How to cope with running in the heat

Running in the heat can be difficult, and as we come into the summer months it’s important to understand what happens to your body and how to combat the effects. In this blog from Kate Percy, we discover the best ways to cope with summer running. 

To kick off this blog, Sophie Heath, nutritionist and sports scientist, explains what happens to your body when running in the heat and how to adapt your diet to cope better. Then Kate Percy shares her top tips learned through years of experience (good and bad!).

Sophie says: “Running in the heat changes things. Your body must work even harder to maintain homeostasis (the point at which things are maintained at an optimal level in the body, which includes our body temperature).

When we exercise in the heat the intensity gets harder and the utilisation of our fuel changes – with a preference over carbohydrates versus fat. Ensuring you keep an adequate level of energy-giving carbohydrates in your diet around warmer conditions is very important.

As you would have noticed your sweat response is a lot more sensitive too, meaning you are likely to sweat earlier and with greater volume. That means staying on top of your hydration levels is essential, to ensure you don’t dehydrate (as this can severely impact on performance).”

Kate Percy’s top tips for running in the heat

Start your training in a hydrated state

This can help reduce the risk of dehydration affecting your performance levels. Drink water regularly throughout the day, especially in the days leading up to a race. When you drink too much in one go, your body often doesn’t retain all of it, so be sure to drink little and often. Check the colour of your pee. Pale, almost transparent, means you’re hydrated. The darker yellow it is, the less hydrated you are.

Foods can have a lot of fluid in them too

You don’t just have to drink water to keep hydrated. Snack on hydrating foods. Juicy fruits such as oranges and watermelon (97% water) provide great hydration. Try this delicious watermelon and feta salad – it’s hydrating and packed with electrolytes.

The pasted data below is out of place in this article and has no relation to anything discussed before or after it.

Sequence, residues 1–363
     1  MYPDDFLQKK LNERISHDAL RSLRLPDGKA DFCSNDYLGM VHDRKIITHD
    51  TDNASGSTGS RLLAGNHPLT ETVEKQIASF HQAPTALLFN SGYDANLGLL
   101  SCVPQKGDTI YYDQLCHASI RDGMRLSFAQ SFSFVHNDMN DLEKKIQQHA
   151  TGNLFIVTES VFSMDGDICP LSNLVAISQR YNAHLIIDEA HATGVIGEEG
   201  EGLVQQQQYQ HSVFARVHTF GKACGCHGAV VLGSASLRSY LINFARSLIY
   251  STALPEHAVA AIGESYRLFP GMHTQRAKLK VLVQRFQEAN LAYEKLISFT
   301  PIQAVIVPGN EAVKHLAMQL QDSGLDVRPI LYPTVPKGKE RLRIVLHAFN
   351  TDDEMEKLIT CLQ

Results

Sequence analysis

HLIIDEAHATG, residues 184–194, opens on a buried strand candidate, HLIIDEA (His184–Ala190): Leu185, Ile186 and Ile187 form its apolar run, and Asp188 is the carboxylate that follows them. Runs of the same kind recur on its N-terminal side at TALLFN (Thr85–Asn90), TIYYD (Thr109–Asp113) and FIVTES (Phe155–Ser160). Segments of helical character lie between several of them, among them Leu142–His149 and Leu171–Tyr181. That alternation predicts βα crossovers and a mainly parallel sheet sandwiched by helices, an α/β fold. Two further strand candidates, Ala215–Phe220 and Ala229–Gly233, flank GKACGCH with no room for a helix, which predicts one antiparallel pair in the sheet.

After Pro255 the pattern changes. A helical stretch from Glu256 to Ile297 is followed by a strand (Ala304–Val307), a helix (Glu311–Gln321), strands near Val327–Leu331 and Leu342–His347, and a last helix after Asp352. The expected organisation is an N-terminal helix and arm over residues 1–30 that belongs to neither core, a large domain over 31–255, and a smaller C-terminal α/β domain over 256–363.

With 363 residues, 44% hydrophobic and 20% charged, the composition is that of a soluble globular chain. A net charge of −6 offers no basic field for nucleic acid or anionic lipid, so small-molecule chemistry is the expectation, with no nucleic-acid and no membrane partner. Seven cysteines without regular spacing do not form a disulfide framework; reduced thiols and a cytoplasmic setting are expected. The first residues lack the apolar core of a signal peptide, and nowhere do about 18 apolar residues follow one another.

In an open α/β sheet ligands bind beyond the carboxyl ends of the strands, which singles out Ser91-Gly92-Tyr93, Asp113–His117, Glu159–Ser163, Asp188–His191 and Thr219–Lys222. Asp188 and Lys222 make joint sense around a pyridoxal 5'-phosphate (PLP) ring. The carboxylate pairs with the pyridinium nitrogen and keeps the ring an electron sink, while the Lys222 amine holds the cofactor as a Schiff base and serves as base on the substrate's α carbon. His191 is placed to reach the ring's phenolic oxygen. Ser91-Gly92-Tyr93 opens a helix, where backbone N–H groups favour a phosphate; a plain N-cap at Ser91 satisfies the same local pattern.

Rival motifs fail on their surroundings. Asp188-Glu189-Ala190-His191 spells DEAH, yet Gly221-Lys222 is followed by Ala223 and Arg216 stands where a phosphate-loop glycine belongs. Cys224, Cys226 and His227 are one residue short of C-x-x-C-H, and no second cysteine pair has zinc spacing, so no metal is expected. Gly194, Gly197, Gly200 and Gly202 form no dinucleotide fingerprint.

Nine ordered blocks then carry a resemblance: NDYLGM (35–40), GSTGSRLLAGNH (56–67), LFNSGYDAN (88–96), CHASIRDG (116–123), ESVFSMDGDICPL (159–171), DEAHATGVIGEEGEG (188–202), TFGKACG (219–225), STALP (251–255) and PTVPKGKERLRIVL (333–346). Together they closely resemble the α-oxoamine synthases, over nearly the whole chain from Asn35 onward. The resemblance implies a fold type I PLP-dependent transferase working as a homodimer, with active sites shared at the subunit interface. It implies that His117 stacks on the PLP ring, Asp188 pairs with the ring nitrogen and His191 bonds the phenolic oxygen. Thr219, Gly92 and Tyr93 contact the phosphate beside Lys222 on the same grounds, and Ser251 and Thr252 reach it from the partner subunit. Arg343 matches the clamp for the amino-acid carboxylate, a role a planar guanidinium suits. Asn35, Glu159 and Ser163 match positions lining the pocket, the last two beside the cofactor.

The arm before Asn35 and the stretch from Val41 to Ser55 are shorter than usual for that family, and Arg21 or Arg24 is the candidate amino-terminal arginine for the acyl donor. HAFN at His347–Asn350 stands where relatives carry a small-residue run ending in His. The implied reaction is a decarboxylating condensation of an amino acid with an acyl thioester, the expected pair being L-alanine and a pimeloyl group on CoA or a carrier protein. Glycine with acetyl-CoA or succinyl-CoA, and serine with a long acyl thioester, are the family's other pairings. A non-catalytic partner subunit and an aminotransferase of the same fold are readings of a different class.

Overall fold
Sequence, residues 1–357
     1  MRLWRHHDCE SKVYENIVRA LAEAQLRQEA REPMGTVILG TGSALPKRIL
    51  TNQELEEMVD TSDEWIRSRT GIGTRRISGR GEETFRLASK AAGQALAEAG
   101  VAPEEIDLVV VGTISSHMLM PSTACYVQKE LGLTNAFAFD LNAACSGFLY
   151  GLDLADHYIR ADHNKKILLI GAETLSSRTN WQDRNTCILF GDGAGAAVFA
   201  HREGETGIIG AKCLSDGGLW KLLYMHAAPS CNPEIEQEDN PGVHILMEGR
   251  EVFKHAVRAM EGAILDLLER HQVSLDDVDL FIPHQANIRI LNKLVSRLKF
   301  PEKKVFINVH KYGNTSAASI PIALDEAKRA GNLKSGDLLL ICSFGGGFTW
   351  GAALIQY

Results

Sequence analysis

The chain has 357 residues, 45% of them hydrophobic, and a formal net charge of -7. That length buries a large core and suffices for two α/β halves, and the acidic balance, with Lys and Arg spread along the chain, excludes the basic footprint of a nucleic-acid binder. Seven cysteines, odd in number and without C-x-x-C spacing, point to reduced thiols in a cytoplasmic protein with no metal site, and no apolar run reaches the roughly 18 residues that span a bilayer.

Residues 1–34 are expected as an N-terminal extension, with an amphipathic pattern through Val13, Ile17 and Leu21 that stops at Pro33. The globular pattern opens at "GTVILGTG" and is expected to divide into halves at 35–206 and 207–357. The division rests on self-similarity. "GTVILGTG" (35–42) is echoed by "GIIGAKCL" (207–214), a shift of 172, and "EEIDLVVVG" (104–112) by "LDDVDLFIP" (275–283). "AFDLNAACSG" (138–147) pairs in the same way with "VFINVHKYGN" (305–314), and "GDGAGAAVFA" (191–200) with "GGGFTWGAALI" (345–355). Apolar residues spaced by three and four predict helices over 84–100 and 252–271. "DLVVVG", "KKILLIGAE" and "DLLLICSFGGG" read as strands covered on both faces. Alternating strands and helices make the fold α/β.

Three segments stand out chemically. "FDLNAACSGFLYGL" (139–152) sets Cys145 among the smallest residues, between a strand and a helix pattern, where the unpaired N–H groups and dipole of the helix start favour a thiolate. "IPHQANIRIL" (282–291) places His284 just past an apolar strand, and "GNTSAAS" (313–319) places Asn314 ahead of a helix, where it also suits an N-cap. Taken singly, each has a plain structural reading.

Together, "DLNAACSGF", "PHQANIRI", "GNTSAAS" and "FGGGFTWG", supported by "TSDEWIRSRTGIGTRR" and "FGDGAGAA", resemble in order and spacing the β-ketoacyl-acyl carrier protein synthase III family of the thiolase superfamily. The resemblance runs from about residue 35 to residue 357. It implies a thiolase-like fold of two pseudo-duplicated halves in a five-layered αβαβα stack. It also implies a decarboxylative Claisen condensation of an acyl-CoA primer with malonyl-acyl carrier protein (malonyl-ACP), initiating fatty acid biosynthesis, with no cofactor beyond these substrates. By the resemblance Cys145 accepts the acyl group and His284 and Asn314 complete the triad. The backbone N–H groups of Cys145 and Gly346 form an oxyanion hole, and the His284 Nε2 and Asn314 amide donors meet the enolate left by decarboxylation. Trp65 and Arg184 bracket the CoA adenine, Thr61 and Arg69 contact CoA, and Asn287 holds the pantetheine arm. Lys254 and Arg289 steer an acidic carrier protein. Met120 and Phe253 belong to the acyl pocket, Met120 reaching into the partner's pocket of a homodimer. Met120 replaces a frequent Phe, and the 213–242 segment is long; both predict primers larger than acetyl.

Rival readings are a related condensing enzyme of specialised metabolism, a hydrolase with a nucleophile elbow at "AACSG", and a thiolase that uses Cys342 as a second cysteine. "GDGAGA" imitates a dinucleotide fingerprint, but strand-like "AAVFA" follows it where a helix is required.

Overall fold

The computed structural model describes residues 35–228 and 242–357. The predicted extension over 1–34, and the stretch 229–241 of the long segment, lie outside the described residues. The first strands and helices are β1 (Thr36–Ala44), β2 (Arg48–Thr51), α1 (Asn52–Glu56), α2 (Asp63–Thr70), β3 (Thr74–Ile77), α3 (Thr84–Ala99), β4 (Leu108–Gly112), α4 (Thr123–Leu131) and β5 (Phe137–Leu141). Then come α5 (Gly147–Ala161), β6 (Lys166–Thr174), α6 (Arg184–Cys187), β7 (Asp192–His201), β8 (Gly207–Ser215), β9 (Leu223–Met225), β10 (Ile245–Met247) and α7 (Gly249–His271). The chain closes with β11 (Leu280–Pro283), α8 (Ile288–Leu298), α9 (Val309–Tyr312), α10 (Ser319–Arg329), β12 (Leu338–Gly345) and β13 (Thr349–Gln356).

Ensure you’re keeping fuelled

Hot conditions can impact your appetite, but as discussed above as the intensity is harder during the heat you need to make sure you’re eating enough to keep your energy levels topped up. Energy balls and sports drinks can be a great way to fuel up before an event, or during it.

Drink during your run

For longer runs (over an hour) you may need to replace lost fluid with a sports drink (see two recipes below) during your run. Sip as you go – practise drinking and running at the same time… it’s quite an art!

Choose a shady route!

Often the sun beating down on you can really exacerbate the warm weather, so try to avoid this where possible.

Pour water over yourself

You can lose 70% of your body heat through the top of your head, so when it is really hot, and in races, don’t just drink water, pour water over yourself when you run to cool you down.

Wear appropriate clothing

Loose-fitting clothes made with high tech material rather than cotton, which can cling to your skin.

Wear a sweat proof sunscreen

Goes without saying…

Recognise the warning signals and listen to your body

Don’t run through heat cramps. If you don’t feel quite right, reduce your intensity. Stop if you feel faint, weak, dizzy or confused. Rest, get into the shade and drink a sports drink.

Rehydrate with adequate fluids to replace what you’ve lost

Aim to drink more fluid than you’ve lost and include electrolytes too – in your drink or foods. Salty foods will replace electrolytes lost through sweat which can help with rehydration after exercise – a Marmite sandwich as a post-run snack works a treat!

Home-made isotonic sports drinks

Recipe 1

» 250ml pure, unsweetened fruit juice (any flavour)
» 250ml water
» Pinch of salt (one fifth of a teaspoon)

Mix all ingredients together and shake well. Store in the fridge.

Recipe 2

» 100ml squash (not sugar free)
» 400ml water
» Pinch of salt (one fifth of a teaspoon)

Mix all ingredients together and shake well. Store in the fridge.

This blog was originally published on behalf of Kate Percy’s Go Faster Food in 2018. You can find out more about Kate Percy here. Kate is also one of the experts in our Run Mummy Run Community Run Club, helping you to improve your running with support from our team of experts and club coach.

Main image by NoName_13 from Pixabay

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